If this happens too frequently, the inclination to make friends declines. However, this shared dilemma can actually help to foster the relationship between an aspie and a neurotypical or an aspie and another aspie, if they are willing to give a chance for that to happen. After all, few things feel more reassuring than being able to take up your worst fears and issues with others, knowing that they will not condemn you for them.

Aspergers Drivers Use Detail-Oriented Thinking for Challenging Situations

Driving with Autism Series

For the typical driver, it is no problem to carry out the basic modes of driving, such as changing lanes, driving at night, in precipitation, on ice, in fog, off-road, or in heavy traffic. However, the Aspergers driver usually has significant difficulty with any one of these things, if not all of them.

driver

Fortunately, there are strategies to overcome all of these obstacles. An Aspergers driver, like any other driver, must get experience because of the countless possibilities for any given scenario. After all, every situation is unique. Yet, even the inexperienced Aspergers driver can get a mind for it all using simplification in techniques. Among these techniques are:

Solitary Sons with Aspergers: Guidance from Coach Dema Stout

Reader Responses Part II

Contributing writer with Aspergers, Ken Kellam, answered questions from some of our readers. Doug and Kelly both had concerns about their adult sons with Aspergers. Now, Dema Stout–Coach and creator of an adult Aspergers Meetup in San Antonio–adds her own insight and guidance.

Click here to read the full reader questions and responses from Ken Kellam.

guidance

The Aspergers Driver and Keeping Focus

Driving with Autism Series

Parents often find that they must explain things in full detail and repeat the same things many times for their Aspergers children. This stems from the fact that Aspergers individuals often forget things that lie outside of their general sense of familiarity or that they spontaneously lose their focus when they fixate on a particular sight.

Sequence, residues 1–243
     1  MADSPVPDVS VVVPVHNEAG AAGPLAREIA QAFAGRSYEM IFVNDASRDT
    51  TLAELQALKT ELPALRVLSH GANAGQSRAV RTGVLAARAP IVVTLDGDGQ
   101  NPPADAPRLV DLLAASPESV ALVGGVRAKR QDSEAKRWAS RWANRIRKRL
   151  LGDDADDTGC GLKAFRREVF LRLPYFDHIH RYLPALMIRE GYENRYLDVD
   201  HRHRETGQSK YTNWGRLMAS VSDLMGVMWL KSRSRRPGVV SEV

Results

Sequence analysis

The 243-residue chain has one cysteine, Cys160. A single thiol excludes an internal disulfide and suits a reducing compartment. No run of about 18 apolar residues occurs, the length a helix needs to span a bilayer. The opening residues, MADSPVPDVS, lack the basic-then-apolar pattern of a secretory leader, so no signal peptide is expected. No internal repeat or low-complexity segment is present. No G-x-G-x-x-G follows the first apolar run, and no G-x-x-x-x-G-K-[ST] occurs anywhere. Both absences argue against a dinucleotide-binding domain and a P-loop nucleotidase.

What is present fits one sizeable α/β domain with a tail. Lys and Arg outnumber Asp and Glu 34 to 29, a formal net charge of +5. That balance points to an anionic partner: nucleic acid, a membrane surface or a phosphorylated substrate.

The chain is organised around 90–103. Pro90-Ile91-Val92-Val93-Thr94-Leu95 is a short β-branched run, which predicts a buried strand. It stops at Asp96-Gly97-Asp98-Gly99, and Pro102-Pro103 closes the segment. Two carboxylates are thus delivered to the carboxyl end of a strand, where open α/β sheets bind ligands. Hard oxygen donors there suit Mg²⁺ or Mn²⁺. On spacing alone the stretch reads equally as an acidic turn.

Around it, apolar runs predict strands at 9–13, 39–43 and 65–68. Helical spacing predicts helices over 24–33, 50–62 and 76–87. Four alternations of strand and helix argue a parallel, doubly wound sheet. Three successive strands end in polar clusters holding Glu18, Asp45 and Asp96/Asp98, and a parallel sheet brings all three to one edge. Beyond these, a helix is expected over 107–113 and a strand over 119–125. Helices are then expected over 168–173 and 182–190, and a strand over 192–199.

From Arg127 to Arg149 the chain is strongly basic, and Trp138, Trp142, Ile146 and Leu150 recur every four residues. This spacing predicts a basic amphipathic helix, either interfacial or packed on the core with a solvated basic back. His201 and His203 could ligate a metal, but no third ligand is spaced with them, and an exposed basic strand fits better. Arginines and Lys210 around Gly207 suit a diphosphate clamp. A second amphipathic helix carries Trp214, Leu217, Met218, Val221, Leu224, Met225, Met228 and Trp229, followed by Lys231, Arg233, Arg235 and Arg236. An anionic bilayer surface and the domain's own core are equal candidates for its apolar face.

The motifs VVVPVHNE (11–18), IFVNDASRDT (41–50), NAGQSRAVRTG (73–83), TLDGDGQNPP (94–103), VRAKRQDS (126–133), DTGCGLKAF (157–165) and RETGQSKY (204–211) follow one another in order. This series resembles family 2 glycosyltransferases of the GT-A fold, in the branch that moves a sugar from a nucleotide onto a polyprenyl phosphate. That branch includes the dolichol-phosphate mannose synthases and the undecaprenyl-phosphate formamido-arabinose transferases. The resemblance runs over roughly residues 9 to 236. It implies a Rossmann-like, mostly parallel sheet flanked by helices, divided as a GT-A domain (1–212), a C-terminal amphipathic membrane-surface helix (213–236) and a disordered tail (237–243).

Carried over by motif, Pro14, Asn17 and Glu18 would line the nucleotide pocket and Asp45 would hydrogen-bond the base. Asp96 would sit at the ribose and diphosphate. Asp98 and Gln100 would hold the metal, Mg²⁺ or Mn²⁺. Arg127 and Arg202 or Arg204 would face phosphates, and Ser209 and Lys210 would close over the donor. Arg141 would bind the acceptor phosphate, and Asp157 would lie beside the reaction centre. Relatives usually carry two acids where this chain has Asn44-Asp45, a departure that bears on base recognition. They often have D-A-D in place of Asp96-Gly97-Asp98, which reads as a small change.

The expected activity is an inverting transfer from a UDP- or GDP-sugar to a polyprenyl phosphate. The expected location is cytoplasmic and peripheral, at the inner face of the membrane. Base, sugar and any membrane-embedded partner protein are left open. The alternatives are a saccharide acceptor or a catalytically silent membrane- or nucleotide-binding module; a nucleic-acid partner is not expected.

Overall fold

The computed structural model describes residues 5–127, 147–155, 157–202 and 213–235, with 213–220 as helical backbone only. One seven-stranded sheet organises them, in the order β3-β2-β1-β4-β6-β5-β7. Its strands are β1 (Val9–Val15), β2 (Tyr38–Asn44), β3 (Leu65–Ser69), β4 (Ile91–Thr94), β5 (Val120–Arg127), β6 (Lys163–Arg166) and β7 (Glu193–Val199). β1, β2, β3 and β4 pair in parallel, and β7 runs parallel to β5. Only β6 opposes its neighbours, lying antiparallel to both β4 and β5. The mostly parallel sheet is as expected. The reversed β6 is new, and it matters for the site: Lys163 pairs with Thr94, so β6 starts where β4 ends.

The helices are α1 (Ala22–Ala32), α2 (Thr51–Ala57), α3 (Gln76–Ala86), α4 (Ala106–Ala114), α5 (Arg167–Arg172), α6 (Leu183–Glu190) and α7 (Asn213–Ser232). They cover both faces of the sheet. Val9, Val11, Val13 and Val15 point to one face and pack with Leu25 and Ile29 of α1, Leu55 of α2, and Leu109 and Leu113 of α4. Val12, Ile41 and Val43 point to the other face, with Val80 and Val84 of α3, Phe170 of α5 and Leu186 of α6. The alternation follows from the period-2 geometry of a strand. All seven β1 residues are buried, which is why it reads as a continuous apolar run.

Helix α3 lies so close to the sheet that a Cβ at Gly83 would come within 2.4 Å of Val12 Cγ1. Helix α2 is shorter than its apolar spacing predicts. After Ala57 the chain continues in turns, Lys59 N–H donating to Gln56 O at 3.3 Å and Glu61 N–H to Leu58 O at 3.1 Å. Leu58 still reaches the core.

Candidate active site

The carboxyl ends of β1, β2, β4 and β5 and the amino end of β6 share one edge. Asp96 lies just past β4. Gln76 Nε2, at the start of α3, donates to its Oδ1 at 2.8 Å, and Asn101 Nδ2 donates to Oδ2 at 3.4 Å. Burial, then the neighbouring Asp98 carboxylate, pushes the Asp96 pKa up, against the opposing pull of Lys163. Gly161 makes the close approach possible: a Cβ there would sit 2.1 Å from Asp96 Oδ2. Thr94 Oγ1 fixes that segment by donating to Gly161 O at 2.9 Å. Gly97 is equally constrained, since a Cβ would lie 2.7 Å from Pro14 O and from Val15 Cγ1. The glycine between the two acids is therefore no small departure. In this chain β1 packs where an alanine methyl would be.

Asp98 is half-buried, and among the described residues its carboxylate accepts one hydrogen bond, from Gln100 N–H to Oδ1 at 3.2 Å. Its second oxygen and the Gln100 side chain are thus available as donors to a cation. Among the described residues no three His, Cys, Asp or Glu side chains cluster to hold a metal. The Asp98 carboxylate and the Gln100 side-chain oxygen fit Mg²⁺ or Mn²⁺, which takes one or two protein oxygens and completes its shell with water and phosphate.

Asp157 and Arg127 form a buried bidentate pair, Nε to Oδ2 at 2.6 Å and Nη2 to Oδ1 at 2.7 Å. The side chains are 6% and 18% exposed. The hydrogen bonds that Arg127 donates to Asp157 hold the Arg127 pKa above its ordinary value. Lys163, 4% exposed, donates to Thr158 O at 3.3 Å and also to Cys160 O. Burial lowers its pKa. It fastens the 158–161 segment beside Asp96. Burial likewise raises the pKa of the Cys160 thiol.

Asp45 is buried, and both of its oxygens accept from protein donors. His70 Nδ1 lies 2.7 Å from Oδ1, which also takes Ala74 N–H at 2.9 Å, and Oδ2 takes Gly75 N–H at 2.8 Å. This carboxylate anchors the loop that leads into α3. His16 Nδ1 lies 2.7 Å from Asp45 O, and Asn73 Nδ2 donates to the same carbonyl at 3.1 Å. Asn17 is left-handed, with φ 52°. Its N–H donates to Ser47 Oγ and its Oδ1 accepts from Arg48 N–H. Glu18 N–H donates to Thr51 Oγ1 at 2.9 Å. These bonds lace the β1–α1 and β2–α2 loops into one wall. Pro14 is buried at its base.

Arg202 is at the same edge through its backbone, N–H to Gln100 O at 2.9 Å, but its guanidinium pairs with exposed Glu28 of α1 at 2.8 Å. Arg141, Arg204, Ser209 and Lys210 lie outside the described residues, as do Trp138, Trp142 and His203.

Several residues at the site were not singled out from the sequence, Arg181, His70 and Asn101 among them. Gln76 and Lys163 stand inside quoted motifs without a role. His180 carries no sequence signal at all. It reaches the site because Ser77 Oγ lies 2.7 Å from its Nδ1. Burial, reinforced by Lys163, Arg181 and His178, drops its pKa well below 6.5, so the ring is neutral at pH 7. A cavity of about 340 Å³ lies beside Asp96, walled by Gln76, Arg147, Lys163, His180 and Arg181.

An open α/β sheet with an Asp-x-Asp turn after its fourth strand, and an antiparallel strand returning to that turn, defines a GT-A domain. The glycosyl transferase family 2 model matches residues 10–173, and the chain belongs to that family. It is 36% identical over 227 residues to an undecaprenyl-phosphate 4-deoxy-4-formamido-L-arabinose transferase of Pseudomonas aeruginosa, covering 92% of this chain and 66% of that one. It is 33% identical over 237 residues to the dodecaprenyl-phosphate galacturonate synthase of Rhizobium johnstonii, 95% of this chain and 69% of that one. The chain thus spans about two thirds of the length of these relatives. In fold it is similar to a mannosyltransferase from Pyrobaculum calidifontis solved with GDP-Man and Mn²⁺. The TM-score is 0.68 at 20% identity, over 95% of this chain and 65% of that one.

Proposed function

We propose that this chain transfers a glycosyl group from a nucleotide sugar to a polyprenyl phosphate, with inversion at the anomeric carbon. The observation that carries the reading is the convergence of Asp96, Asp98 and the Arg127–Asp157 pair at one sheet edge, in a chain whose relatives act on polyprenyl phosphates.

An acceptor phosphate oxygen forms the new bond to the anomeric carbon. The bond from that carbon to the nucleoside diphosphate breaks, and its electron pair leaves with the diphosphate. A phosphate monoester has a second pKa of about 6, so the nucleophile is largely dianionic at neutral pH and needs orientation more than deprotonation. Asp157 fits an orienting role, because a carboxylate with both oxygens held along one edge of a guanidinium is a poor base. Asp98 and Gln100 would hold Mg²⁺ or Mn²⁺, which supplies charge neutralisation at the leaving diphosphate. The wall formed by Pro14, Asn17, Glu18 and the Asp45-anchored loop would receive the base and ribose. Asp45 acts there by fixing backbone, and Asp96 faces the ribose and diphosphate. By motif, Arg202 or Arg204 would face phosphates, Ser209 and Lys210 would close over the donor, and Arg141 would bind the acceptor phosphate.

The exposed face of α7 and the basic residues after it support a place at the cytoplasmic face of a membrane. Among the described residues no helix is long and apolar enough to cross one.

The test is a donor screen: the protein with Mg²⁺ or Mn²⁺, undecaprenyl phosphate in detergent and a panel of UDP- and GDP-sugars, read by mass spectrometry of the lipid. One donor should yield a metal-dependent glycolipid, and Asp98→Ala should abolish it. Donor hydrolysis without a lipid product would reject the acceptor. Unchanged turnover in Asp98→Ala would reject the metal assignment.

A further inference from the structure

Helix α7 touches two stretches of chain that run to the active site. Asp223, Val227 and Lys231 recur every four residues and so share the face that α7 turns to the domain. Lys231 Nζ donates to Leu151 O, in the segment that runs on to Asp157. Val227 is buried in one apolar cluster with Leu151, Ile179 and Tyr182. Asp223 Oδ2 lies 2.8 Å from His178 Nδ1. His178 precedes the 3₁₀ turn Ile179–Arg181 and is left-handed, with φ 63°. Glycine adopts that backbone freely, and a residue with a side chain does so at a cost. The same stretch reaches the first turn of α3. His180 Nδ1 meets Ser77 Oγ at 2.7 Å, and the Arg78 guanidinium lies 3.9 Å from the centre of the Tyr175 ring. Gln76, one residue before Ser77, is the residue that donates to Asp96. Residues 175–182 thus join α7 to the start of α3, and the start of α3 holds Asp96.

In addition, Aspergers individuals often take caution when dealing with matters unfamiliar or unsafe to them. They want to know all details before tackling something new, challenging, or risky. This is especially true in the case of the inexperienced Aspergers driver.

The Benefit of a Meetup for Adults with Aspergers

In my last blog, I mentioned our San Antonio Area Adults with Asperger’s Meetup. It was named before the DSM V came out, and since the members are already adults they carry the Asperger’s diagnosis. (We did talk about changing the name, but the members didn’t want to). This group was started because a woman I was coaching wanted more opportunities to make friends. We started it together.

meetup for adults with Aspergers

The intention was purely social: to have a safe place for adults on the spectrum to meet and interact. In fact, after five years, many friendships have formed. We have a core group that seldom miss a meeting. New people are always welcome to join. We meet the first Sunday of every month from 3:30-5. I generally act as Facilitator, and sometime we have guests present on a topic of interest.

Concerns About Solitary Sons with Aspergers

Reader Responses by Ken Kellam

My son, now 30yrs old has had difficulties since childhood, and we know he has Aspergers. During his teens he was extremely angry and sad but he came through this period. Today he lives independently, has his own home and car but for the past year he has not spoken at all to anyone. His life is restricted to his job, which is in jeopardy because of his refusal to speak to his co-workers. He was visiting me on Sunday but now that has ended. He literally speaks less than a “Yes” or “No” to anyone. We have been to social service, doctors, clinicians, speech therapists, psychologists, and he refuses to see any of them. Everything I read online is about children. Any advice?

-Doug

Perspective